Note Is crypto used in football?

Introducing Football Now is a brand new series that explores some of the most pressing topics in the world of football. Although the football field does not have a very good history. David de Gea’s move to Real Madrid happened a few decades ago because of a loaned fax machine. However, Bitcoin Smarter is already making its mark in the sports world, marking a milestone.

Former Real Madrid striker David Barral became the first professional to be paid in Bitcoin in early 2021. “He will be the first cryptocurrency contract in history,” Dux International said on Twitter. This was made possible thanks to our new sponsor, Criptan.

Conversely, cryptography is not just limited to this group. Italian Serie C clubs bought 25% of their investment with Quantcoin, Dutch players AZ Alkmaar got paid for the first time with Bitcoin and Premier League side Watford is wearing a shirt with a bitcoin emblem.

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Non-fungible tokens (NFTs) are becoming more and more popular as the crypto market grows around the world. Using distributed ledger technology, NFTs are digital versions of real products such as music and video games, which can be purchased with cryptocurrencies such as bitcoin. As a result, it has spawned NFT games which are now huge profit generating projects. It is possible to earn significant crypto assets by playing these games.

These games have made in-game assets non-fungible tokens that can be collected by players (NFTs). Playable characters, weapons, vehicles and other in-game assets can be traded as NFTs to help players earn money while playing the games. Football matches also allow individuals to sell their NFTs unless they are not limited by the crypto price.

NFTs and collectibles

Collectibles have been around since the modern era of football. Football fans treasure programs, ticket claws, scarves and replica outfits.

Sticker albums became popular in the late 1970s and 1980s. Kids traded rare patches for the 2 or 3 cards they needed to finish their albums for the World Cup.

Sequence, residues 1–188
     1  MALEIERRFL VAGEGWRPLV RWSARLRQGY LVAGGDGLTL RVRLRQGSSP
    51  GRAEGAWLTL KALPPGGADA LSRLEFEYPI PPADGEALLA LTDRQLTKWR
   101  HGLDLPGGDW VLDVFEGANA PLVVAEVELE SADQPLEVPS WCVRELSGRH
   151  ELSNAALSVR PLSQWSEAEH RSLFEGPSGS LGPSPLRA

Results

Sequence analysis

Voting rights of fans

Modern football uses fan tokens. Clubs use them to connect with players and legends, but the most prominent devices are sold on crypto exchanges and have large market caps.

Even a little bit of fan power, like voting for a club’s next uniform or a pre-season friendly, is better than nothing.

Fan tokens are new. Next Generation Football Fan Coins, when issued by a club rather than an associate partner, can give supporters fractional ownership of stadiums and training venues.


Transferring players feels like the 80s. This football area still uses fax machines, scanned documents, deal sheets and tedious banking transactions. Using crypto to buy and trade players makes sense in the fast paced world of global football. The immutable nature of the blockchain helps with transparency and audits, and crypto transactions are faster and do not come from banks.

Smart contracts can activate player contract elements such as performance bonuses or appearance costs. Messi received cryptocurrency.

Some call crypto transfers new or anomaly, but their speed and accuracy can make it commonplace. Especially if used with forums like

The FCA conducted research this month advising clients to avoid risky investments like bitcoin. Manchester City, Barcelona and Juventus are partnering with the Socios cryptocurrency platform and Bitcoin Smarter to effectively enable crypto in the crypto world.

The partnership will allow clubs to sell and trade digital fan tokens. The supply-demand ratio of each cryptocurrency is tied to the football club which provides the opportunity to buy and sell with ease.

Tokens usually come with promotions, incentives and discounts at club stores. Juventus token holders can choose the target song. Traditionally, to buy tokens, fans have to convert money to Chiliz through an app.

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